By Abel Sakhau, Chief Sustainability Officer, Sanlam Group Market Development & Sustainability

As listed companies, we are preoccupied with becoming the best performer in international and local ESG ratings and rankings. Many companies can attain excellent performance in these rankings and ratings. However, when one looks at the evidence on the ground, identifying the sustainable impact associated with such performance is a challenge. Why is this the case?

I contend that good ESG performance is never a race to the top. No two jurisdictions will have the same ESG challenges and benefit from the same impact investing strategy. The principle of partnership for impact must drive it. Companies should be measured on how they have leveraged collaboration and investment to deliver sustainable impact to the beneficiaries of socio-economic investment. The inaugural Sanlam ESG Barometer as an engagement platform provides an opportunity for companies to ventilate and clearly define what good ESG impact investment looks like from the perspective of the beneficiaries and in the context of their reality.

The Paris Financial Centre Impact Task force argues that impact finance is an investment that aims to accelerate the just and sustainable transformation of the real economy by providing evidence of its beneficial effects. For ESG impact investment to attain additionality status, it should allow the beneficiaries of the investment to increase the impact generated by their activities. This is not a simple aspect to determine as one must have a long-term view of their investment return and be open to allowing the partnership to stretch every rand that they invest. The challenge is that when ESG impact investment is to meet compliance requirements and receive accolades to increase company ratings and rankings, it becomes a challenge to embrace partnerships and assume a long-term view of working with beneficiaries.

How do we stretch 1-Rand to ensure that it accelerates the just and sustainable transformation of the real economy by providing evidence of its beneficial effects? Firstly, identify the “Real Economy Need” and appropriate “Impact Investment” vehicle. This cannot be conceived in the boardroom with company ESG specialists discussing what beneficiaries require and how they will provide the solution. This should be a consultative process which starts with a blank slate and the desire to create impact. Recipients of ESG impact investment in the most will have a good sense of the need and possible solutions – as impact investors. We must approach this as a partnership from the onset.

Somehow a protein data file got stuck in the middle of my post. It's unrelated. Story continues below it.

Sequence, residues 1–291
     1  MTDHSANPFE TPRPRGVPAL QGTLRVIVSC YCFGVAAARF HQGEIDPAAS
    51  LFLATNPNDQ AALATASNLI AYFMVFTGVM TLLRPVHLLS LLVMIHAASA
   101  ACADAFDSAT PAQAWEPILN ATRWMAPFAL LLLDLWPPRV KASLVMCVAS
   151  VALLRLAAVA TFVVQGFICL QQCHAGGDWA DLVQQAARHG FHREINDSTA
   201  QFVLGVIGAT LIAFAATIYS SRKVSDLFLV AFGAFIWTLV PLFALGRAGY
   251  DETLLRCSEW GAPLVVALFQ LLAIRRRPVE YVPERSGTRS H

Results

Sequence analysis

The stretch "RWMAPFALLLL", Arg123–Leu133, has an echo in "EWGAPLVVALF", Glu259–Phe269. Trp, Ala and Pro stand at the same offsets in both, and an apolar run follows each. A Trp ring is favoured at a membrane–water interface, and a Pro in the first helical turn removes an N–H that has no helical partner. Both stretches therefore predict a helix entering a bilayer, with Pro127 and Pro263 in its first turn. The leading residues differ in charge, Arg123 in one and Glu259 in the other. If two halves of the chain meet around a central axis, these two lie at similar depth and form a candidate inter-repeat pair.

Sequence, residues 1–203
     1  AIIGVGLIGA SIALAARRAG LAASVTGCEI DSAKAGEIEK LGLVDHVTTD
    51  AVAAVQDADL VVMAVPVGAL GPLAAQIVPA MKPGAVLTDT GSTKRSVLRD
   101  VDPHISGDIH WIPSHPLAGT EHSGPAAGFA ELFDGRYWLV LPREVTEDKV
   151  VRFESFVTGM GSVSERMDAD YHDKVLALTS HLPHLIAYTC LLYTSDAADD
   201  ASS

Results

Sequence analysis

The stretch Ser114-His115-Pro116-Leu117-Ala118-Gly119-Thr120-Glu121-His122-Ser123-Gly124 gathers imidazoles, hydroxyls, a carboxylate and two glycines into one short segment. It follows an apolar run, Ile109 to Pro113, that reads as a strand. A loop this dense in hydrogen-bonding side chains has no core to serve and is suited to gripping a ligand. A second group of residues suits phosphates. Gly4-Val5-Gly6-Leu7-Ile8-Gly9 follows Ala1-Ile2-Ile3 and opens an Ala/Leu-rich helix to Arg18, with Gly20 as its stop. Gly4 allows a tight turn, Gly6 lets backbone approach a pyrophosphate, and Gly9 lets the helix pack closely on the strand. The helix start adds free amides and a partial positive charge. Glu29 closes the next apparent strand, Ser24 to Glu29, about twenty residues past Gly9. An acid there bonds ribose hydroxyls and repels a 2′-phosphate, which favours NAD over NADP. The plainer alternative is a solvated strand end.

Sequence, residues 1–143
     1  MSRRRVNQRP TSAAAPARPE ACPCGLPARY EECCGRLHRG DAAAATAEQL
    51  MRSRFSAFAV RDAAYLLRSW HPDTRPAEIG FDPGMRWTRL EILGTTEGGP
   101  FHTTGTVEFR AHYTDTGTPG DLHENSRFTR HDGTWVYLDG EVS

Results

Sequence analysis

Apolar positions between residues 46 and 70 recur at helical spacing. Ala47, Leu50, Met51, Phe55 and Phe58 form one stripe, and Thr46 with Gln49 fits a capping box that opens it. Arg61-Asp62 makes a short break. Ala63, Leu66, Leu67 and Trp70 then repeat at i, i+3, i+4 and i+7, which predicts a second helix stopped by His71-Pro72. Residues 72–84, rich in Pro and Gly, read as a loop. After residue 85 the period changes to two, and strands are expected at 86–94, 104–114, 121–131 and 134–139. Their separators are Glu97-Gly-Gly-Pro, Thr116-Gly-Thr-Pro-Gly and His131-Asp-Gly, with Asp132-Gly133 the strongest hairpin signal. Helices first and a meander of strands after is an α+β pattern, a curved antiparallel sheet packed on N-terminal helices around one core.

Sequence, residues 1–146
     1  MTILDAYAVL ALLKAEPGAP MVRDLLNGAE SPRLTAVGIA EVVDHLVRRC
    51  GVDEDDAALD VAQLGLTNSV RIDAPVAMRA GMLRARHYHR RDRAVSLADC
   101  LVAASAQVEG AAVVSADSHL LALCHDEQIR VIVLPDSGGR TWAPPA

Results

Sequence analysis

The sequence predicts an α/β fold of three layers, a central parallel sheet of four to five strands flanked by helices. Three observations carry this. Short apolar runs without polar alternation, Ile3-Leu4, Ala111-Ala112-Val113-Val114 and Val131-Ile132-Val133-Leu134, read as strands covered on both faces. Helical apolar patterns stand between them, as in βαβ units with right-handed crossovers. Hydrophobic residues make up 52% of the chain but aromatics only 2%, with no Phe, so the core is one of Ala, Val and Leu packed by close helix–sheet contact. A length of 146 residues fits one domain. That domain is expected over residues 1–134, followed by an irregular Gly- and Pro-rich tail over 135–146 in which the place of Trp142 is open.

Secondly, “Go beyond philanthropic mindset” – beneficiaries are not waiting to be rescued by a big corporate. This mindset does not result in “ESG additionality” because it is not intentional, and the measurement of long-term success for the beneficiaries is not essential. It can be seen as a handover to the need. Lastly, foster “Partnerships for Impact” to create a more significant impact in the real economy. Going it alone with the hope of creating ESG additionality will be like trying to boil the ocean. The Sanlam ESG Barometer seeks to engage with industry partners on the value of ESG additionality and identify opportunities to foster partnerships to create a more significant impact. The focus is to ascertain if companies actively seek ESG investment opportunities towards creating sustainable impact in the real economy.

It cannot be Business As Usual when it comes to ESG additionality. Yes, we acknowledge that companies are measured on their performance against ESG ratings and rankings. However, this cannot be at the expense of creating a real impact in the real economy for beneficiaries. The ESG initiatives and community beneficiaries we include in corporate glossy sustainability reports case studies should be the narrators of their success and partners to corporates. In conclusion, we should identify the “Real Economy Need”, “Go beyond the philanthropic mindset”, and foster “Partnerships for Impact”. Results are demanded of us collectively; there is no price to be won by those who arrive at the top of the mountain, leaving an unsustainable and untransformed economy.

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